No patches yet while exploits are actively targeting Adobe's Flash, Acrobat and Acrobat Reader
Adobe on Friday released a security advisory warning of a vulnerability in Adobe Flash Player, Adobe Reader, and Acrobat on Windows, Macintosh, Linux, and Solaris operating systems.
The "critical" -- Adobe's most severe rating -- vulnerability could, according to the company, "cause a crash and potentially allow an attacker to take control of the affected system." Furthermore, it reported that the vulnerability was "being actively exploited in the wild against both Adobe Flash Player, and Adobe Reader, and Acrobat."
The vulnerabilities exist in Adobe Flash Player 10.0.45.2 and before, and Adobe Acrobat and Acrobat Reader version 9.x, but not version 8.x.
Meanwhile, for Acrobat and Acrobat Reader version 9.x, "deleting, renaming, or removing access to the authplay.dll" that ships with those files eliminates the threat, according to Adobe. On the downside, if you try to open a PDF file containing vector graphics animated with SWF (Shockwave), prepare to "experience a non-exploitable crash or error message."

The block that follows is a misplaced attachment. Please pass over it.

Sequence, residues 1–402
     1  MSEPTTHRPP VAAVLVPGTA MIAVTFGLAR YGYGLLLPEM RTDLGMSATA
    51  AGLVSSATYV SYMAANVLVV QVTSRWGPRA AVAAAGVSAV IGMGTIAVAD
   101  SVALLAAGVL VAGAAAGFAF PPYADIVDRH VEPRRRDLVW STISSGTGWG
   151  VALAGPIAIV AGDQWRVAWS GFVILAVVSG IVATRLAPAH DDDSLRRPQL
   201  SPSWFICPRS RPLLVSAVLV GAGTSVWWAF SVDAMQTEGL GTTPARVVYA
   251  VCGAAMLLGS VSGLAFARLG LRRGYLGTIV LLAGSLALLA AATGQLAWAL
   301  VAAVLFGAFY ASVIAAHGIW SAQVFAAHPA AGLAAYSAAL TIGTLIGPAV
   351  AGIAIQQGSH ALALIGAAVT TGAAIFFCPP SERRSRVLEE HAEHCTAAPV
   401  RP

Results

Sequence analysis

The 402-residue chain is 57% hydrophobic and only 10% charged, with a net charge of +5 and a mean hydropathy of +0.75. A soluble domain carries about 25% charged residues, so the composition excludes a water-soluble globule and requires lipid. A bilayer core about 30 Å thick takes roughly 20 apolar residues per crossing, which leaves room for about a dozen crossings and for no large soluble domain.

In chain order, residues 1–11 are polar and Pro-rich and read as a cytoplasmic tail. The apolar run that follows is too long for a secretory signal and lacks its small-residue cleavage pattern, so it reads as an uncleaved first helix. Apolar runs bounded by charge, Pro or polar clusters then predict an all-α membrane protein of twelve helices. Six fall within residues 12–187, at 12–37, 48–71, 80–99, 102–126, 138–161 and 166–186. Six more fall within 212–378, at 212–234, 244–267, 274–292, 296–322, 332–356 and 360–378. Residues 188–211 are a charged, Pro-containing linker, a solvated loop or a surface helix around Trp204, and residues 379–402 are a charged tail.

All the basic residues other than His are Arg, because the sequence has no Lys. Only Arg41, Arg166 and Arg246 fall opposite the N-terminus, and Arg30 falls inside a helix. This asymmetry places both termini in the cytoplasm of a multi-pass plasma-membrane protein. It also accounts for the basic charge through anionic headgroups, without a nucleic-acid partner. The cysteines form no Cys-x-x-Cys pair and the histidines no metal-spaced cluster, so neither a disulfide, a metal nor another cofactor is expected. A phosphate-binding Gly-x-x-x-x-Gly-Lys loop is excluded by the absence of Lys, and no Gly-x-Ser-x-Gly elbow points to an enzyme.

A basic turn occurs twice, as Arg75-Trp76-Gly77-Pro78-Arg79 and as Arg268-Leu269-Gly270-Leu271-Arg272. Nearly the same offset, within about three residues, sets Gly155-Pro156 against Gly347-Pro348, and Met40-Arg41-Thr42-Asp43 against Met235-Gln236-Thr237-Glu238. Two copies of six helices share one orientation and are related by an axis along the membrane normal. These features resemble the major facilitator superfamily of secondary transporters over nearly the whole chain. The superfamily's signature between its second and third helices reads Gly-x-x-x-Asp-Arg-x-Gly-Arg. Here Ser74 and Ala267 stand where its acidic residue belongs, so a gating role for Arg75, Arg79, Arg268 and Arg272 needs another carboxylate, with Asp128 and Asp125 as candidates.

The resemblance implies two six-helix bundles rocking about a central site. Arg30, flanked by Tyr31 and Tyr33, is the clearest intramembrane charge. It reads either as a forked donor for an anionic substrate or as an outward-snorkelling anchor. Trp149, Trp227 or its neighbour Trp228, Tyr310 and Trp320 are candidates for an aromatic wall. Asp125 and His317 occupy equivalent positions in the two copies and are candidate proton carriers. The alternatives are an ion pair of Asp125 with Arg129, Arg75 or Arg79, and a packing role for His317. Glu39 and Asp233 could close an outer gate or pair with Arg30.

The recent prevalence and severity of these and other attacks against Adobe's products has led the company to overhaul its patching processes, begin offering automatic security updates for Adobe Reader, and reportedly to weigh moving to a regular, monthly patch cycle, akin to Microsoft's.
. We've got a management crisis right now, and we've also got an engagement crisis. Could the two be linked? Tune in for the next installment of IT Life Radio, Wednesday May 20th at 3PM ET to find out.